Nerd Nite December [47]: Meow-llennium Falcon Edition

We are ending 2015 with two AMAZING speakers!

High Dive
Tuesday, December 15th
Doors open at 6:30, talks start at 7:30

William McKeithen: “Crazy Cat Ladies”: Sexist Stereotypes and Queering Human-Animal Relationships

Are you or someone you know a “crazy cat lady”? The Seattle Times just named our city the nation’s second capital for these woman-feline companionships! But what exactly makes someone a “crazy cat lady”? For this Nerd Nite, cultural geographer Will McKeithen will talk about the “crazy cat lady” stereotype, its history, its meaning, how it impacts women with cats, and how they also resist its norms. Drawing on feminist and queer theory, this talk will explore how heteronormativity and human-animal hierarchies combine to make women with cats who live on the edges of polite society seem like freaks. The talk will also explore the recent popularizing of the “cat lady” (it’s cool now, right?!) and what this might mean for the future of people and pets. **Possible “cat lady” special guests to be announced!**

Will McKeithen is a doctoral student in Geography at the University of Washington. When he’s not talking about “crazy cat ladies,” he’s researching the effects of heteronormativity on the environment, parasitic worms and their use in illicit medicine, STIs and sexual governance, or gay penguins. Read his work at:

Tomas Lafferriere: The New Star Wars Canon: What we lost and what we’re happy to see go.

Episode VII is released in less than 48 hours! (After this talk…). Learn about all the stuff that used to be in the Star Wars Canon, what Disney threw out and what they kept.



Nerd Nite November [46]: Same Nerds, New Digs

Nerd Nite Seattle is so excited start back up! Come for the usual nerdy talks, cool people and delicious drinks at our new home, High Dive.

Remember that Nerd Nite will now be on the third **TUESDAY** of the month!

Nerd Nite
Tuesday, November 17
7:30 (Doors open at 6:30)
Admission: $5

Speaker #1: Jenny Haaland

Title: COMMON CORE used CONFUSION. It’s super effective!

Desc: Confused by Common Core? You and everyone else on Facebook. What is Common Core, and is it right for our students? Come see what all the commotion is about with Jenny Haaland, M.Ed., as she guides you through the conundrum of curricula

Bio: Jenny has taught in low-income schools in LA county and Burien for 11 years as an elementary school teacher and interventionist. Having served in five school districts, all with their own curricula and standards to master, Jenny has weathered the tides of change and will explain the current educational trends affecting our students today.

Speaker #2: Nell Byler

Title: Rings in a tree stump: what stars can tell us about the life of a galaxy

Desc: Nell will discuss the history of star formation in our nearest neighbor, the Andromeda Galaxy, using Hubble Space Telescope data from the Panchromatic Hubble Andromeda Treasury (PHAT) survey.

Bio: Nell Byler is a 5th year graduate student in astronomy at the University of Washington. She studies nearby galaxies, using the individual stars within a galaxy to understand its evolution as a whole. She is also one of the co-organizers of the local Astronomy on Tap events, held at Bad Jimmy’s in Ballard.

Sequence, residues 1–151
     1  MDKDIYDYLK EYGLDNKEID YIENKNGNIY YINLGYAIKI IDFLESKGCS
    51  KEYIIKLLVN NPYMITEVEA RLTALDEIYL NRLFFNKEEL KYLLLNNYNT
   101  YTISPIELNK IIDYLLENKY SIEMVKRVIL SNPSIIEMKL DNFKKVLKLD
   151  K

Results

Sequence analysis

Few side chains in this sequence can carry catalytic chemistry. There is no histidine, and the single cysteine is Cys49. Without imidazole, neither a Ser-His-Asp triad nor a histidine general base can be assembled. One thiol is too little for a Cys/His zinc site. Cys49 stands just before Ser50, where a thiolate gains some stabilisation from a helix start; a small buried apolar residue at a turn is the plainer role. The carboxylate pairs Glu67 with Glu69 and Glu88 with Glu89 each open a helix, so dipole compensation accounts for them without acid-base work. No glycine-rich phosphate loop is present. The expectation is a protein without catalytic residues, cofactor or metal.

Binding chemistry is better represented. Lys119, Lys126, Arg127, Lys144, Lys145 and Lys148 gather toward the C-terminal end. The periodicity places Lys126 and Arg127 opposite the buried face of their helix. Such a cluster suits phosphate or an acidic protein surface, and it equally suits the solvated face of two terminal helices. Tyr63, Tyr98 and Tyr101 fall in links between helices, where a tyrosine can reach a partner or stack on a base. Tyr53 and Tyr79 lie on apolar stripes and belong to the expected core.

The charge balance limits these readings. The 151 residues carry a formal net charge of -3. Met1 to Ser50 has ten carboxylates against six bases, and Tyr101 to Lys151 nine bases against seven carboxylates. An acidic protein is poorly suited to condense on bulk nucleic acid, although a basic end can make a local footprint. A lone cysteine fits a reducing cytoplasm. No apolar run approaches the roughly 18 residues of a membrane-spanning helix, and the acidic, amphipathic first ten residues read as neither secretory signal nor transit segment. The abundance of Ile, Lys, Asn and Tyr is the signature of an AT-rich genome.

NerdNite[45]: Race to 100!

Nerd Nite Seattle
Monday, September 21
7:30 (Doors open at 6:30)
Admission: $5

Nerd Nite is only eight talks away from hitting the big 1-0-0. Join us for a *Very Special Nerd Nite* where eight fan favorite speakers will give snappy five minute talks as we race towards our centennial!

Why the rush? Well, this will be our final Nerd Nite at LUCID. David Pierre-Louis, LUCID’s owner and Nerd Nite’s strongest supporter and friend, has plans that will take him on to new, exciting enterprises.

But never fear! Nerd Nite 2.0 will be back with a vengeance in November. Not only will it be at a brand new location (announcement forthcoming) but it will be under new leadership.

Julia and Ross started Nerd Nite exactly four years ago. After almost 100 talks and countless nerdy friendships, it’s time to hand it over to new bosses who will help Nerd Nite Seattle thrive and evolve.

So, join us in raising a glass to LUCID and to Krunal and Marielle, Nerd Nite Seattle’s new co-bosses!

And now, on to the speakers (stay tuned for their topics):

Talk 93 | Jennifer McCreight
Talk 94 | Semih Tareen
Talk 95 | Mihwa Kim
Talk 96 | Casey McNerthney
Talk 97 | Sasha Myerson
Talk 98 | Tim Lloyd
Talk 99 | David Pierre-Louis
Talk 100 | Ross Maddox

NerdNite[44]: Car Hacking and Banana Snacking!

Nerd Nite Seattle
Monday, July 20
7:30 (Doors open at 6:30)
Admission: $5

Talk #1: Banana Bonanza! A Brief History of the Bizarre Berry
Marielle Saums

One of the world’s most consumed fruits, the banana is bland but far from boring. The Cavendish variety found in grocery stores today bears little resemblance to the bananas first cultivated in Papua New Guinea 10,000 years ago. From banana republics to clone wars, learn how the economy and ecology of this freakish fruit changed the world at this month’s Nerd Nite!

Marielle Saums previously gave a Nerd Nite talk about botanical explorers. Her favorite banana dish is the Elvis sandwich.

Talk #2: Vroom, vroom, crash — why it’s so hard to fix your own car (and so easy to hack into it)
Krunal Desai

Why does it cost $400 to change a headlight sometimes? What happened to the good old days of being able to fix your car with duct tape and WD-40? Vehicles are now filled to the brim with computers that are black boxes to the user — but not to hackers! Learn about the details of modern vehicle electronics, why you can’t really fix stuff yourself anymore, and why it’s easy for folks to send you careening of the road if they so choose!

Krunal is an electrical engineer who bailed on the auto industry to work on spacecraft. As a German car owner, the realities of simple repairs turning into multi-day, very expensive jobs are sadly all too familiar.

Next Nerd Nite
Nerd Nite Seattle is every 3rd Tuesday of the Month

6:30 doors, 7:30 talks
Happy Hour From 6:30-7:30!
$5 cover
High Dive Seattle
Stay in touch here

Sign up here for updates about Nerd Nite events in your city.

Confirm your email address
Would you like to present, some day?
Add me to the Global Nerd Nite list too:
more info

Local Nerd Events